An explosion rocks the Kakhovka Dam. As a result, the Kherson region is severely flooded. The news ticker on the catastrophe in Ukraine.
- Reports from the USA: Russia is said to be behind the explosion
- Help from Germany: THW prepares aid deliveries
- Kakhovka dam near Kherson blown up: far-reaching consequences for Ukraine
- All news and developments about the Kakhovka Dam in our news ticker.
Update from June 7, 4:30 a.m.: After the destruction of the Kakhovka Dam, Ukraine and Russia blamed each other before the UN Security Council. Ukraine's ambassador to the UN, Serhiy Kislitsia, spoke of an "act of ecological and technological terrorism" at an emergency meeting in New York convened at short notice. The explosion was "another example of Russia's genocide against the Ukrainians."
Russia's ambassador to the UN, Vasily Nebenzya, on the other hand, said that the incident was due to "deliberate sabotage by Kiev" and could be classified as a war crime. The dam had been used for an "unimaginable crime".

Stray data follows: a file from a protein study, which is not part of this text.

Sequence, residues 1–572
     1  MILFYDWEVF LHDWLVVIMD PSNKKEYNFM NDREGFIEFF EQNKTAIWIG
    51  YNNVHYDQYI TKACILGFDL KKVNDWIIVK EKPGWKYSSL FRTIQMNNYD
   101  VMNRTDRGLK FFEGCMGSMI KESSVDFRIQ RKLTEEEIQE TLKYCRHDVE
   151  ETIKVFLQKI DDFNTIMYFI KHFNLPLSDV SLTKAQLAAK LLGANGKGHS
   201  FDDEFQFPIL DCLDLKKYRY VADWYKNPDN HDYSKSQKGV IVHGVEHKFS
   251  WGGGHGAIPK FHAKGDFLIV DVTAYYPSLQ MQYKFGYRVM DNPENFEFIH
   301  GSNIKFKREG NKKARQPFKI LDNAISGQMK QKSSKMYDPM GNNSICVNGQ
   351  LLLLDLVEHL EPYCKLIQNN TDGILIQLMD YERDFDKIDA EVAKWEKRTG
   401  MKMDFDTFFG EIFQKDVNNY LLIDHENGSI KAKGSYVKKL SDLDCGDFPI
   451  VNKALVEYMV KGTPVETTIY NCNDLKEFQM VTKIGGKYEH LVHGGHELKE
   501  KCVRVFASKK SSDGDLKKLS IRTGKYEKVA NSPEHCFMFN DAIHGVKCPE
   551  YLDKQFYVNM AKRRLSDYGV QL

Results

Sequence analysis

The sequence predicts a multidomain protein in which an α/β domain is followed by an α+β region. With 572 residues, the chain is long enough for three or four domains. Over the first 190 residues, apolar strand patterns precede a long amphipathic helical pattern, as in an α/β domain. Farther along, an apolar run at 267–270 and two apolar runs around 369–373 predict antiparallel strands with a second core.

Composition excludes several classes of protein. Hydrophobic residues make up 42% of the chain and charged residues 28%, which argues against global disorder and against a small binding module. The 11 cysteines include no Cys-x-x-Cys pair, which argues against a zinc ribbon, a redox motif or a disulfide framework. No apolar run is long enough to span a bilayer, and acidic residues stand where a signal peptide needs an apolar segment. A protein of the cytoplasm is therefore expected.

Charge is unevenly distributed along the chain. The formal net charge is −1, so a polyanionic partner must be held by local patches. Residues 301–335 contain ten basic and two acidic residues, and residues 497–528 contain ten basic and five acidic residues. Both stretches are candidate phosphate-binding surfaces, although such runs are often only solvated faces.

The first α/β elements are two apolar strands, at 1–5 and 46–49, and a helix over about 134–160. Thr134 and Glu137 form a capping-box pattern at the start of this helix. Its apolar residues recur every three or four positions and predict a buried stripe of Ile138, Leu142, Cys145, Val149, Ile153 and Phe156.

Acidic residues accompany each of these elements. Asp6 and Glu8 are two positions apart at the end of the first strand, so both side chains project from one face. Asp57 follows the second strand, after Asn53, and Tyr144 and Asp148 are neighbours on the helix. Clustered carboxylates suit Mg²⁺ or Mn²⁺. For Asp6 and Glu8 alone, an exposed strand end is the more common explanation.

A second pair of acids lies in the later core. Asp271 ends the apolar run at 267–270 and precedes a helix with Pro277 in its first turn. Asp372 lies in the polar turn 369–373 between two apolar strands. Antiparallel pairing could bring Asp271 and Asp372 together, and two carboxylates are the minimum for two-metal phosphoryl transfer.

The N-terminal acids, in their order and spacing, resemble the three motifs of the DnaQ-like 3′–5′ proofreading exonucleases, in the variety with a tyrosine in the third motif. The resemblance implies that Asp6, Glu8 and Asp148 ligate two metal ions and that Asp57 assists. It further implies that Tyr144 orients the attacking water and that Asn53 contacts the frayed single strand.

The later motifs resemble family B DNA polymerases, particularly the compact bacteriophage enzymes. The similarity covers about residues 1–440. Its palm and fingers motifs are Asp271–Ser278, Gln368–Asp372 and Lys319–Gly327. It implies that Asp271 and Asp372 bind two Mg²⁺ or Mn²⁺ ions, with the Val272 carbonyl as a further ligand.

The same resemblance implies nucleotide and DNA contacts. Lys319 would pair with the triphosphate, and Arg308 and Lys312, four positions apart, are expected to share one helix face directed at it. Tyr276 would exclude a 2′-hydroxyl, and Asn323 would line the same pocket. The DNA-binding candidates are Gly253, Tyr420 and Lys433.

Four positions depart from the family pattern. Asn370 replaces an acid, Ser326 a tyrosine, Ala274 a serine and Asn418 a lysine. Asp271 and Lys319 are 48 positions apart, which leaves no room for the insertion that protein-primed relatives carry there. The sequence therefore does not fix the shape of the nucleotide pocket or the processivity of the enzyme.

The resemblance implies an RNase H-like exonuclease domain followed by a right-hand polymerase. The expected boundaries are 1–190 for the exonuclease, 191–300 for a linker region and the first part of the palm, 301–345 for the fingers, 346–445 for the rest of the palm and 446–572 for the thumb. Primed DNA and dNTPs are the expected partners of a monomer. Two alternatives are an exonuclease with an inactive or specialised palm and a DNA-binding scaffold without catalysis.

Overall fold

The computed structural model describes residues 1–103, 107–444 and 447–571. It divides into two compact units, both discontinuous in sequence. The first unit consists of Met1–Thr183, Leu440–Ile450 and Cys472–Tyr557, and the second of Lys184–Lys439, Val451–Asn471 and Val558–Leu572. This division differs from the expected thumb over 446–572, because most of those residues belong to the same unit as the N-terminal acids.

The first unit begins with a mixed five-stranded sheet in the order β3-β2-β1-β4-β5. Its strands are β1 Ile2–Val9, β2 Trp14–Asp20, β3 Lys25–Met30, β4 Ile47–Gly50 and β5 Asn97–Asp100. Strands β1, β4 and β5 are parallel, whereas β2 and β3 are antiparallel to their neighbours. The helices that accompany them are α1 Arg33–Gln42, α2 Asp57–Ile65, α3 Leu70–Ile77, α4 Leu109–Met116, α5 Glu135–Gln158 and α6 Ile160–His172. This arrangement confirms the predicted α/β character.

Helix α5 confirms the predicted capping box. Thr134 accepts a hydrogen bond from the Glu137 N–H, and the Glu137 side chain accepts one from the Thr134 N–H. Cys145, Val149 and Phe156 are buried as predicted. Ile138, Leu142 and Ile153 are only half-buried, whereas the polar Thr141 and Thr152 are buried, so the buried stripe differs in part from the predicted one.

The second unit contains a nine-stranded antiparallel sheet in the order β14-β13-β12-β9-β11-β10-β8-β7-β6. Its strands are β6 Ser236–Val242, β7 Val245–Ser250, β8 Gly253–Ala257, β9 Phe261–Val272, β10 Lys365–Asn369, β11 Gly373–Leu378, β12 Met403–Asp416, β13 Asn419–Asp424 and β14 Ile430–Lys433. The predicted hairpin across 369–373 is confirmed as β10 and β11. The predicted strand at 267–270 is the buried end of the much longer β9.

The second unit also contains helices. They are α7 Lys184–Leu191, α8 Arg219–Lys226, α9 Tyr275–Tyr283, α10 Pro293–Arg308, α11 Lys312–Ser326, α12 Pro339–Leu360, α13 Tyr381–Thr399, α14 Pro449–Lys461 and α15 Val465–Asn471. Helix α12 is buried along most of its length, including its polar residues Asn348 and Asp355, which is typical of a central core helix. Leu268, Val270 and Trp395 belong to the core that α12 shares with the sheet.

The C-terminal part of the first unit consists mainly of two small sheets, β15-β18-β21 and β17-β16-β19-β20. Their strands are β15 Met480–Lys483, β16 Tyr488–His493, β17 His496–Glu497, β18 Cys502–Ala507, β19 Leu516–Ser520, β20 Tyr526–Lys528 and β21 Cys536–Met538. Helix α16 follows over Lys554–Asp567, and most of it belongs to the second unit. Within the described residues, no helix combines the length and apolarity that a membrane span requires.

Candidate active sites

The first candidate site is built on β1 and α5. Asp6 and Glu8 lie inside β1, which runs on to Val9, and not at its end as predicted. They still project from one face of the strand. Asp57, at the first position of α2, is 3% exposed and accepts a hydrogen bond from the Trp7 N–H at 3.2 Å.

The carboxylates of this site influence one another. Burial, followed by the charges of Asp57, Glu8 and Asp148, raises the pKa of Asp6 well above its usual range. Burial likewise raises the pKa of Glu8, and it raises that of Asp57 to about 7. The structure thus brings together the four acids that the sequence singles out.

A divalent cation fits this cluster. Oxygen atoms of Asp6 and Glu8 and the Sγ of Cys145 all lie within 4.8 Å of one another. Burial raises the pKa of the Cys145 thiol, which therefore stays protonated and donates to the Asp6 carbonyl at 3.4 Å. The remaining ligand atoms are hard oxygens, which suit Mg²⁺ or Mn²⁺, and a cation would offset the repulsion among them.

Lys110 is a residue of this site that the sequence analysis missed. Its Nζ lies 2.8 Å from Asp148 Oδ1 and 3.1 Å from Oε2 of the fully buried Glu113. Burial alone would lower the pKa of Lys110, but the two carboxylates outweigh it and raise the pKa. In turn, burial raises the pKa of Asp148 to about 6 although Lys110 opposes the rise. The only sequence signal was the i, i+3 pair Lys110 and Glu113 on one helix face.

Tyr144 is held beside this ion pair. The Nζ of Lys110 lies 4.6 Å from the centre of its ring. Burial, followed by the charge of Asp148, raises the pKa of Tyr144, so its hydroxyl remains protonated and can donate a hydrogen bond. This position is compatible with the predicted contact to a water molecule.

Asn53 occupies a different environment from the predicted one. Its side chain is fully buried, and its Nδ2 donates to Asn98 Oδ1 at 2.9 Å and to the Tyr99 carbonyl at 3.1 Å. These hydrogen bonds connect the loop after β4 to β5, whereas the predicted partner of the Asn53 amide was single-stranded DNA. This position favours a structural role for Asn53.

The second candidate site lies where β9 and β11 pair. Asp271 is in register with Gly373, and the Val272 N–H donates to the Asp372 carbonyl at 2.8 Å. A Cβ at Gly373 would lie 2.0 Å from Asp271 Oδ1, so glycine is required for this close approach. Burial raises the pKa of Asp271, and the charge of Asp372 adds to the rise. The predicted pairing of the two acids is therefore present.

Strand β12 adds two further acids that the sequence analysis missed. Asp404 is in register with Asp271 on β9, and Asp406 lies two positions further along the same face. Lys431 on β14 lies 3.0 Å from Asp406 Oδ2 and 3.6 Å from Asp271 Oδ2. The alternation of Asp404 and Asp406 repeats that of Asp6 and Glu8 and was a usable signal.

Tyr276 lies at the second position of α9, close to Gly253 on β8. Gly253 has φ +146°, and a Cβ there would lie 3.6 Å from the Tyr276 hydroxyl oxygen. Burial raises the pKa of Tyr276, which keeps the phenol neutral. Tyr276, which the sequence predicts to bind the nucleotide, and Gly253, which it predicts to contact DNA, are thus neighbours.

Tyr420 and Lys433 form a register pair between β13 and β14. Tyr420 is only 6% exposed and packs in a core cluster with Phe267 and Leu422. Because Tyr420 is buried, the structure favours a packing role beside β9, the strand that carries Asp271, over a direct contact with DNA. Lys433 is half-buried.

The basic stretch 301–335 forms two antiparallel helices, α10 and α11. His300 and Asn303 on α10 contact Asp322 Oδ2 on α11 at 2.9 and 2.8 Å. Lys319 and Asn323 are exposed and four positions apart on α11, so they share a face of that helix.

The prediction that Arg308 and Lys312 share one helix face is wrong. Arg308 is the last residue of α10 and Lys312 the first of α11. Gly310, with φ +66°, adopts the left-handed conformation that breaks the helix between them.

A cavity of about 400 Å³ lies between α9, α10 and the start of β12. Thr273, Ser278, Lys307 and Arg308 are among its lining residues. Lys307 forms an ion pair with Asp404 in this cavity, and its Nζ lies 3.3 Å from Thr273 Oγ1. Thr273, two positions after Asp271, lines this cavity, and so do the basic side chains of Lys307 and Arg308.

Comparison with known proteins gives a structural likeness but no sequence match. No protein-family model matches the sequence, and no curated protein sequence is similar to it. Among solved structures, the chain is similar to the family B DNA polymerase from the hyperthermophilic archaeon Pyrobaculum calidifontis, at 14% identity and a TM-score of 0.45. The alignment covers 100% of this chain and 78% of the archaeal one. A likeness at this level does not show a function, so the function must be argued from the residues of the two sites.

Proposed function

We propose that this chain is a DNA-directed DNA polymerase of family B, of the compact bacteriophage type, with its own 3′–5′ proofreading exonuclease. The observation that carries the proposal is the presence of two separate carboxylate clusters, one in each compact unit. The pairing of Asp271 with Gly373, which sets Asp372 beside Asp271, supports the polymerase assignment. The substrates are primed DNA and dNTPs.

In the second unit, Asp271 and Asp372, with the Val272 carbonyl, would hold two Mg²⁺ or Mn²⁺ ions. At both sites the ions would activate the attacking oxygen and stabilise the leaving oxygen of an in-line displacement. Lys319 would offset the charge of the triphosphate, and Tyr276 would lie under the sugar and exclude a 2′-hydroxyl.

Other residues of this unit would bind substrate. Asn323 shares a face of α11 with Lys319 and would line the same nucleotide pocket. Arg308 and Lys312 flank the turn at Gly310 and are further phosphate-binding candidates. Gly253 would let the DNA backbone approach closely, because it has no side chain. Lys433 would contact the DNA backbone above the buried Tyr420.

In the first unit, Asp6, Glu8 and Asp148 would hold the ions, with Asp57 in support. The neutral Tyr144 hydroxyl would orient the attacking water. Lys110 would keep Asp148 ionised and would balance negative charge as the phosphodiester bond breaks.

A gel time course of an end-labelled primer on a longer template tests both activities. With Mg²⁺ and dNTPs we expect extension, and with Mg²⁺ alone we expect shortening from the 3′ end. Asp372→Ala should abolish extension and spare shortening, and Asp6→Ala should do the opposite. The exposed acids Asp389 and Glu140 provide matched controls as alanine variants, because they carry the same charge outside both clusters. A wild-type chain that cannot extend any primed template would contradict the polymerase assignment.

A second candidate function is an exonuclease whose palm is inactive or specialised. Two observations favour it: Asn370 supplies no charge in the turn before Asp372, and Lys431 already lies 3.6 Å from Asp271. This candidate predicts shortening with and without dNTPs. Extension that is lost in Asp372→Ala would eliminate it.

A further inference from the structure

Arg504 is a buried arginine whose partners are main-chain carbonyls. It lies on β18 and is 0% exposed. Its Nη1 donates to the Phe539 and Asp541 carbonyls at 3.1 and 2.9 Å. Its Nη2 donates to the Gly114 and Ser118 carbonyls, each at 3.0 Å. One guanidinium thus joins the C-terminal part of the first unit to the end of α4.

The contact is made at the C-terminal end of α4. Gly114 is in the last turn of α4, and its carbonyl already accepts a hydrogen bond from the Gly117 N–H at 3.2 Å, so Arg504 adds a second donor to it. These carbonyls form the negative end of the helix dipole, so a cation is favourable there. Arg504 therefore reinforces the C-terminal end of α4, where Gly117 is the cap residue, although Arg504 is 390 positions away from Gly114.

Kakhovka dam destroyed: Baerbock blames Russia
Update from June 6, 20:50 p.m.: The city of Oleshky, in the Russian-occupied part of southern Ukraine's Kherson region, is "almost completely flooded" following the collapse of the Kakhovka Dam, Andrei Alekseenko, a Russian-installed head of government in the region, said on Telegram.
Local residents carry their belongings during evacuation from a flooded neighborhood in Kherson. © Libkos/dpa
Meanwhile, Foreign Minister Annalena Baerbock has blamed Russia – like Chancellor Scholz – for the floods. "There is only one person responsible for this man-made environmental catastrophe: Russia's criminal war of aggression on Ukraine," said the Green politician during her trip to Latin America in São Paulo, Brazil. "With the Kakhovka Dam, a civilian dam near a nuclear power plant is being misused as a weapon of war and the lives of the people in the area are being put in grave danger."
Destruction of the Kakhovka Dam: US intelligence leaks